I am making a rocket ship, and at the bottom of the ship is a rocket thrusters shooting out giant flames in the form of a particle system!
It looks good at low speeds but when the rocket is moving very fast the illusion is broken. This is because the rocket is moving faster than the particles, causing them to create a line in the direction the rocket is moving, rather than the direction it is facing.
I would like the particles to inherit the transforms of their parent entity, the rocket ship, in order to look more like the thruster. Is that possible?
Are you using the “velocity” graph or the “local velocity” graph? If you use the Local Velocity the trail will be directed with the transform of the entity it is attached to.
If you are already using the local velocity, then you could try and fix it by reducing the lifetime of the particles. If the particles don’t last very long they won’t be able to get far enough way from the rocket to spread out like that. If you make them faster and shorter lived, that should help prevent this effect.
Thanks for the example Will. The rocket trail looks great, but has the same issues. Here I have rotated it by 10deg every tick, and you can already see the trail “bending”:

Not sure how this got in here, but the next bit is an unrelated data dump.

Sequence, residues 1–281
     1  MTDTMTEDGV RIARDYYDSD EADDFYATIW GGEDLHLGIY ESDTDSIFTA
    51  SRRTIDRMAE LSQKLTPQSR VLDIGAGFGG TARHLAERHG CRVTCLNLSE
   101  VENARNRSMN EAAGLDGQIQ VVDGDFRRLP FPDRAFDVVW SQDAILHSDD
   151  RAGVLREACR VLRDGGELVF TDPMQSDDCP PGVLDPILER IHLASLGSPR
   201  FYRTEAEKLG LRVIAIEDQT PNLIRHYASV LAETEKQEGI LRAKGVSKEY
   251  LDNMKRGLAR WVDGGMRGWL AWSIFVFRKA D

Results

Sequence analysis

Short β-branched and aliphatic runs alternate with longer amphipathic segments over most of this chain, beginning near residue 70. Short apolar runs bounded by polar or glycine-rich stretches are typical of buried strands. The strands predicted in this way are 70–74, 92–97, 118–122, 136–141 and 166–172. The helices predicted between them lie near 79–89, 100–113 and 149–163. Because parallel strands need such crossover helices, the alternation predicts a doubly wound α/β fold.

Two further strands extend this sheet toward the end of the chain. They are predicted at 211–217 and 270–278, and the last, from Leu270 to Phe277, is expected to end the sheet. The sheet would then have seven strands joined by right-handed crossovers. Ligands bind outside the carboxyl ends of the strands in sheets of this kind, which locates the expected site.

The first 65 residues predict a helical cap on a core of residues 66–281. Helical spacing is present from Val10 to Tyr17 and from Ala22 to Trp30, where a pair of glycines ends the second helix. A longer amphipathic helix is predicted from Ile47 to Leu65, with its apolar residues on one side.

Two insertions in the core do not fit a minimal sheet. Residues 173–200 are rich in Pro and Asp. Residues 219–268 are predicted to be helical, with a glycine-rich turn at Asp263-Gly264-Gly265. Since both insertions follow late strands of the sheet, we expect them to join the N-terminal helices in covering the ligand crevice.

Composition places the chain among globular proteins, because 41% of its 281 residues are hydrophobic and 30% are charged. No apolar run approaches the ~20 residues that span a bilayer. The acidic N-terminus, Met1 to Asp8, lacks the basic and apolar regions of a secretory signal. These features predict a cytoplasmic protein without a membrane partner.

Really I want the particles themselves (not just the emitter) to inherit the transforms of the parent entity. It’s an odd behavior which 99% of particle system instances don’t want, but is needed for convincing rocket/welding torch/etc particle effect. I guess I could potentially just use a billboarded material or something instead of a particle system.
@mhughson Well, yes, the particles are not fixed to the emitter’s coordinate system, so they will do that. But that’s more realistic, isn’t it? If the rocket spins very fast, some ‘bending’ of the trail would look better, IMHO. But hey, I do see the value of being able to also choose particles to be locked to the emitter’s coordinate system in certain scenarios. But that’s not something the current particle engine does (as @dave says).